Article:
SACRAMENTO (CBS13) — A chain link fence surrounds dust and grass on the corner of 16th and F streets in Sacramento.
“It makes me angry to drive by this lot,” said Rachel Iskow with Mutual Housing California.READ MORE: Yolo County Sheriff's Deputies Recover Stolen Boat, Jet Ski
Building designs for the lot have been approved for more than a year.
“Fifty-four seniors could be living here in safety,” said Iskow walking around the property.
She says construction crews are waiting, ready to move dirt.
“We have to get creative, but it’s not rocket science here. We’ve done it before,” said Iskow expressing her frustration.
But without local, state, or federal subsidies, this affordable housing apartment for seniors is just a pretty plan on paper.READ MORE: Police: 'Ghost' Gun, Parts To Make More Found During Traffic Stop In Woodland
“One of the biggest things is the lack of funding we have to build affordable homes,” said Darryl Rutherford with Housing Sacramento.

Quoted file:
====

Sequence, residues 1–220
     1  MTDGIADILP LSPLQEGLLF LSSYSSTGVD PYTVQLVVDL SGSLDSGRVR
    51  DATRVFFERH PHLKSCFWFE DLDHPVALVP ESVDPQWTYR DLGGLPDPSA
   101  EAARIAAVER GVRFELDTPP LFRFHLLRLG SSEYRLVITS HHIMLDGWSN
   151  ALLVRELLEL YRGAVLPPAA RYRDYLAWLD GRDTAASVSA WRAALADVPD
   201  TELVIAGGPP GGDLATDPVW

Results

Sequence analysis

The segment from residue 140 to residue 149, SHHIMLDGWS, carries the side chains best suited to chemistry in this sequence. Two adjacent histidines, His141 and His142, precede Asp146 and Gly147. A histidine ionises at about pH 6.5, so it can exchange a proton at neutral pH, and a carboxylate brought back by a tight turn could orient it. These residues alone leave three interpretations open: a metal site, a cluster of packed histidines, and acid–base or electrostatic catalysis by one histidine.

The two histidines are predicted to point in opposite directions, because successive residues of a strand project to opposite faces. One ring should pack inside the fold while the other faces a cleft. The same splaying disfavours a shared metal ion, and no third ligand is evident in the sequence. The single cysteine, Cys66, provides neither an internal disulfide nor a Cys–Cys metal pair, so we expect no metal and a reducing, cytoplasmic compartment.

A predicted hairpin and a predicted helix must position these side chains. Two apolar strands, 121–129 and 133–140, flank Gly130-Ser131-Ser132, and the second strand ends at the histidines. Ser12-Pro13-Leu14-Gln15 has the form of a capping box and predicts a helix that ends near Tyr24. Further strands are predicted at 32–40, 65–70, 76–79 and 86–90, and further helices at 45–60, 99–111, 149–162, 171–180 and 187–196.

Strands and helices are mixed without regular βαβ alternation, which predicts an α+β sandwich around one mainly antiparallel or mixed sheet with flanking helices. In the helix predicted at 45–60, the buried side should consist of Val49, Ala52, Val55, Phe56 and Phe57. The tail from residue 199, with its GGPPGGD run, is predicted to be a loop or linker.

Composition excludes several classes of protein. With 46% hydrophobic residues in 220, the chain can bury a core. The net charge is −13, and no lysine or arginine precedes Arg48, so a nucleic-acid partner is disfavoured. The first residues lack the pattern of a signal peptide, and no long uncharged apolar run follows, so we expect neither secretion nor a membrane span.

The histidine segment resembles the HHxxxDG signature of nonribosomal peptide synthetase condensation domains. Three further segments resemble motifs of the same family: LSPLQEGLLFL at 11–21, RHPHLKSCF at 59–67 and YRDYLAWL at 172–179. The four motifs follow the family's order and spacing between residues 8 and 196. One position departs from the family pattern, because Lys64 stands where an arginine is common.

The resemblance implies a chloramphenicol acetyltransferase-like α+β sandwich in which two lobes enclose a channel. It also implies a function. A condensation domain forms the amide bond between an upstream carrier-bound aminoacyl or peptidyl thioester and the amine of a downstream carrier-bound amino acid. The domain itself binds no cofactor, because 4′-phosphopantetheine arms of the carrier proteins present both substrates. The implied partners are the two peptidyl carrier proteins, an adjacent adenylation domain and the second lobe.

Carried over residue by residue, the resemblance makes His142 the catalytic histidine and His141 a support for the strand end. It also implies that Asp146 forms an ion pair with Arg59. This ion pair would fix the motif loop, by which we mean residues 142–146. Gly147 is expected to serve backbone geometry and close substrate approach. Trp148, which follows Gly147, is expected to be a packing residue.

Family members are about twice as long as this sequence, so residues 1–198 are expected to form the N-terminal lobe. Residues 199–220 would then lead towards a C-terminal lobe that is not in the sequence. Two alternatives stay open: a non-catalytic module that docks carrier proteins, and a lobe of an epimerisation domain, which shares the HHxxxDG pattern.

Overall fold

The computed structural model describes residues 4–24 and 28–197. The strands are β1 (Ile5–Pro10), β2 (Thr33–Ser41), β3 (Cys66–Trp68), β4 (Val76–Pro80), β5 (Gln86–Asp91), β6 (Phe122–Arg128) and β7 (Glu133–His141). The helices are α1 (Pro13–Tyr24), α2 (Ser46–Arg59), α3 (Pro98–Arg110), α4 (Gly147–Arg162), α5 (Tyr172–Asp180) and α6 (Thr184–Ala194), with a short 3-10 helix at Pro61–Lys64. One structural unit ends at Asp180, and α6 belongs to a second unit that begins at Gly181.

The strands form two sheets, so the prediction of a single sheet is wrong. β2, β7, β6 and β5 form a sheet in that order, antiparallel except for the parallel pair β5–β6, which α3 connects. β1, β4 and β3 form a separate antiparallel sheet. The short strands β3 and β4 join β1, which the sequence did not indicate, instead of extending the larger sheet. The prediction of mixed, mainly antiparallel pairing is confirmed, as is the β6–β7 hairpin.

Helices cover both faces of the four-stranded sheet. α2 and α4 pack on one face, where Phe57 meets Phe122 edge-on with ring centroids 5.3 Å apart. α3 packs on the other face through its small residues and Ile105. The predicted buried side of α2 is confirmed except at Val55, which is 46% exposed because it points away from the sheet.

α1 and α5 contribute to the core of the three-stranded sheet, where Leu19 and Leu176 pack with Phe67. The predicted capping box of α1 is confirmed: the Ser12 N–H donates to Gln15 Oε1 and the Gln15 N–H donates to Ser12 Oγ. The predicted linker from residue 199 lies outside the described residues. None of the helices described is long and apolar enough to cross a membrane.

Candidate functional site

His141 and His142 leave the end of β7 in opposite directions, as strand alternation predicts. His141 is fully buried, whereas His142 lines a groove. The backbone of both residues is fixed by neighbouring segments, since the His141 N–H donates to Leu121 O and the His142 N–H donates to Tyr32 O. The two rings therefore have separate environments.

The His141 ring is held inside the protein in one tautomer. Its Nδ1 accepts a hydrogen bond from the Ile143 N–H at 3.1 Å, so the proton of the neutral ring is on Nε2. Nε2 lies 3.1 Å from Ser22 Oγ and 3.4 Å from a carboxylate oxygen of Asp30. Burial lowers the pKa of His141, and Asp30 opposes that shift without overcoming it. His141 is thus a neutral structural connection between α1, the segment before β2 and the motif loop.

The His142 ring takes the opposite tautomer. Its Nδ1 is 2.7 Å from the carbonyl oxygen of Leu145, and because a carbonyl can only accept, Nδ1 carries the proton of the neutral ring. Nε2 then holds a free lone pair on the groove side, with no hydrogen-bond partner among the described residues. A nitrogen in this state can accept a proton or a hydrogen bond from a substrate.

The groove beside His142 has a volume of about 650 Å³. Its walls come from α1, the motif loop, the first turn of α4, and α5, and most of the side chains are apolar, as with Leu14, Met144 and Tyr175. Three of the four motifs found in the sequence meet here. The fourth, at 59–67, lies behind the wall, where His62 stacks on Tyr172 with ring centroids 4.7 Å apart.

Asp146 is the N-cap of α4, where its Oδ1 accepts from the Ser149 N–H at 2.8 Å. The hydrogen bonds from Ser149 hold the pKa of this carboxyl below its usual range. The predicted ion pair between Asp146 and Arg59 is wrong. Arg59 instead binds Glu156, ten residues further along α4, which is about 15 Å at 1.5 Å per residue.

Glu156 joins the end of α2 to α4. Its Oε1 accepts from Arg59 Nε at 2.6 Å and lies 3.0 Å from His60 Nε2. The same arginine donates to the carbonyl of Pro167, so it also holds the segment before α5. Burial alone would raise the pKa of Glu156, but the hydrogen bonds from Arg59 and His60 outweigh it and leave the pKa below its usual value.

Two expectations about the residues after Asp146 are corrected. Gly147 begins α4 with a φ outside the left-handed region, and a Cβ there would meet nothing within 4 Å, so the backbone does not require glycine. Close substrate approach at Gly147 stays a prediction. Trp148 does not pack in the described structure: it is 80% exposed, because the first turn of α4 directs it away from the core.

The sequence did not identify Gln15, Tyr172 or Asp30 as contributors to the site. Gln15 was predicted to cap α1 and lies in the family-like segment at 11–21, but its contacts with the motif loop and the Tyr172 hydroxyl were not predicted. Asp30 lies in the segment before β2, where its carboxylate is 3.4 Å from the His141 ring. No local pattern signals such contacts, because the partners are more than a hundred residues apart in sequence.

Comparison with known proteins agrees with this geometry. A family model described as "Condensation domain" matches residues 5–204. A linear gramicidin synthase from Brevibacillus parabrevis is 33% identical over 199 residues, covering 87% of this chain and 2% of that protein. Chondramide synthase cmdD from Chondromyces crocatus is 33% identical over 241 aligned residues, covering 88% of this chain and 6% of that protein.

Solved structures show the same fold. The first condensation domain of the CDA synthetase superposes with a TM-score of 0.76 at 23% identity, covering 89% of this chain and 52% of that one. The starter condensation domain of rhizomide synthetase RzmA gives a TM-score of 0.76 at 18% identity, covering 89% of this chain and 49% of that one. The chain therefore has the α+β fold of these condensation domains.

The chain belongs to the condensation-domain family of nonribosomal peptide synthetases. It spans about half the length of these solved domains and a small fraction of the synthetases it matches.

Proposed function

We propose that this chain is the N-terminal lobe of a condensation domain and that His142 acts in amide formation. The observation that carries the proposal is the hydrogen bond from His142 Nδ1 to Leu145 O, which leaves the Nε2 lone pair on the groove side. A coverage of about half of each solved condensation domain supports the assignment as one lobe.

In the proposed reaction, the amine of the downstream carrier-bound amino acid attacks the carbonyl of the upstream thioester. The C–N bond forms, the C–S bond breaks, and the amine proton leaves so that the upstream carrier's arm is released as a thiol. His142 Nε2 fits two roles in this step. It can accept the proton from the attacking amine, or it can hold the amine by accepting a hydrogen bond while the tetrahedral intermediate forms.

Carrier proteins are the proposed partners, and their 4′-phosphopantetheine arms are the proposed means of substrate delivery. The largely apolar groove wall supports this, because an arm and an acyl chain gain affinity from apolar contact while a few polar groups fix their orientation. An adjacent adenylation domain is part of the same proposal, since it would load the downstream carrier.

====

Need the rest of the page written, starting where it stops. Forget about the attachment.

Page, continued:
Affordable units target people making 60 to 80 percent of the median income, which is roughly $63,000 per household.
Rutherford says money to build those homes has dried up or been taken away.
“We lost about $20 million a year that could be used to preserve and build new affordable homes,” said Rutherford.
Since the recession, Rutherford says Sacramento County has lost 66 percent of state and federal funding to build affordable homes.
In 2009, county and city leaders revised their housing policy. They no longer require developers to build affordable units within a market rate project. It’s now voluntary.
“Allows developers to pay a very small fee instead of building the actual homes themselves,” said Rutherford.MORE NEWS: Sacramento County Has California's First Probable Case Of Monkeypox Virus
In Sacramento, the fees are expected to generate more than $100 million in 20 years. But Rutherford says it’s a drop in the bucket compared to the need.